'Five men saved' in trial of medicine that reverses drug overdoses

'Five men saved' in trial of medicine that reverses drug overdoses

Up to five lives have been saved in Ireland in a trial of a medicine that reverses potentially deadly drug overdoses, the Health Service Executive (HSE) have revealed.

A single injection of naloxone can bring heroin addicts and other drug users who have gone into a coma back within minutes.

Medics and the families of drug addicts in Dublin, Waterford, Limerick and Cork were given the antidote and training in how to use it last year as part of the trial.

The HSE has confirmed as many as five men who had overdosed were rescued from near death after being given naloxone as part of the scheme.

The Minister of State for the National Drugs Strategy, Catherine Byrne, said the findings were important.

"The number of drug-related deaths in Ireland is a matter of serious concern to me, and this project is an important element in the government's efforts to tackle the issue," she said.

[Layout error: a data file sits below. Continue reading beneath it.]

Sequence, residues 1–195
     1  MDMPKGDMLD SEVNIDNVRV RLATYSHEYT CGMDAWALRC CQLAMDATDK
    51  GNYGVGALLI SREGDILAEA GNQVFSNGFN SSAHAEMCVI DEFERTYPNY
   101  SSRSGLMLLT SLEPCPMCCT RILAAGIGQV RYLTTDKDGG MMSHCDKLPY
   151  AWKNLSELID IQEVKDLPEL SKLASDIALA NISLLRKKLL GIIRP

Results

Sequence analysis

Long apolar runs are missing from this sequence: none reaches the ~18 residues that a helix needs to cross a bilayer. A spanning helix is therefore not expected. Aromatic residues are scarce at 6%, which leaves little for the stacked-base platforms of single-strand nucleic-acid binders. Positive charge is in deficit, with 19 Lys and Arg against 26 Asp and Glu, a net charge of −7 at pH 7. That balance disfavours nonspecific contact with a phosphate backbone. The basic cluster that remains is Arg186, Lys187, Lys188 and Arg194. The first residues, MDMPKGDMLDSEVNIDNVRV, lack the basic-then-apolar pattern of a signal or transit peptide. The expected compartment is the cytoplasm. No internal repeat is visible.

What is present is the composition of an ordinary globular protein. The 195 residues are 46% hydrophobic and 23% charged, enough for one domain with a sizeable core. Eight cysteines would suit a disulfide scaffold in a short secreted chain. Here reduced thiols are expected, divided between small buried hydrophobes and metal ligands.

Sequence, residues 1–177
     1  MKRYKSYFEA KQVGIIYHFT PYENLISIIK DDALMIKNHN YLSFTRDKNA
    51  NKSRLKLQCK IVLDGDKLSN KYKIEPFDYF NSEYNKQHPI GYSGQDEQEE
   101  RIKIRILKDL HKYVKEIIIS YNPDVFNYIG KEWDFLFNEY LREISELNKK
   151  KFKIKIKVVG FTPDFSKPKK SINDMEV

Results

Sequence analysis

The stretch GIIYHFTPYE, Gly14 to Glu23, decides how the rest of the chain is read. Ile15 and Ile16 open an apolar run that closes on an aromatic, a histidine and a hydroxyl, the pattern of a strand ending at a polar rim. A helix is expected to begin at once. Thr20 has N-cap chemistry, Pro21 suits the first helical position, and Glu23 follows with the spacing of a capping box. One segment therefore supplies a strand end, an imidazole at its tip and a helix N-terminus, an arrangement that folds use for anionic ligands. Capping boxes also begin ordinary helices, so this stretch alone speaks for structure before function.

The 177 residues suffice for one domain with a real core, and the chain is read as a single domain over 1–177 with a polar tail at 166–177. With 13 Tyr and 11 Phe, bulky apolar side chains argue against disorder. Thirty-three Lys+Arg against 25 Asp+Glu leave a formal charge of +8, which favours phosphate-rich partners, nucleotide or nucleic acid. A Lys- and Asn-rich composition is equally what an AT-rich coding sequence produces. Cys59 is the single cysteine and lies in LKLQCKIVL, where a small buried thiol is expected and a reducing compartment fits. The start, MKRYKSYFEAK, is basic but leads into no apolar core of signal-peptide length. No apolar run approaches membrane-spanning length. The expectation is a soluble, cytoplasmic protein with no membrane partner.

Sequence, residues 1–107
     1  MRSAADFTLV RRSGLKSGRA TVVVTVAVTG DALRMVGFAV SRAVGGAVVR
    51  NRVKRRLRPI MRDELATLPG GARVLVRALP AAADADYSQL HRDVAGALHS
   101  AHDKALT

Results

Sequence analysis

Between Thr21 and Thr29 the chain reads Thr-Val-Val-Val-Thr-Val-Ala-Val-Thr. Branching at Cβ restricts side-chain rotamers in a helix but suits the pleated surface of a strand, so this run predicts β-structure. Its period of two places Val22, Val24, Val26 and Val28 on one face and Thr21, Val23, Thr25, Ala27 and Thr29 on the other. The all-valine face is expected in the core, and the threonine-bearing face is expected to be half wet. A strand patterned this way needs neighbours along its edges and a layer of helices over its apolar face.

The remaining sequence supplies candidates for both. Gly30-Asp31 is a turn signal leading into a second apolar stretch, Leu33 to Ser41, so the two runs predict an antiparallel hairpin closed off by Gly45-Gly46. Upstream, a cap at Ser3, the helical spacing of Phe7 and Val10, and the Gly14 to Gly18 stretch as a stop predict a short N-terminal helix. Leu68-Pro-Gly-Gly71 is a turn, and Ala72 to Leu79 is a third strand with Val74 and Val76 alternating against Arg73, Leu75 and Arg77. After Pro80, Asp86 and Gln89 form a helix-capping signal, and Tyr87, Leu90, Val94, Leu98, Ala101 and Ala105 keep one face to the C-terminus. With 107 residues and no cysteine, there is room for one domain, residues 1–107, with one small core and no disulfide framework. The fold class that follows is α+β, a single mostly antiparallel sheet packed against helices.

Ireland has the third highest rate of drug overdoses in Europe after Estonia and Sweden.

Two years ago, the World Health Organisation urged countries with drug overdose problems to make more use of naloxone.

The medicine is widely used internationally.

Denis O'Driscoll, chief pharmacist for the HSE's addiction services, says more people will be trained in its use next year.

"To date we have trained over 600 people in the use of naloxone and we look forward to rolling out more training in 2107 as we work to expand the service," he added.


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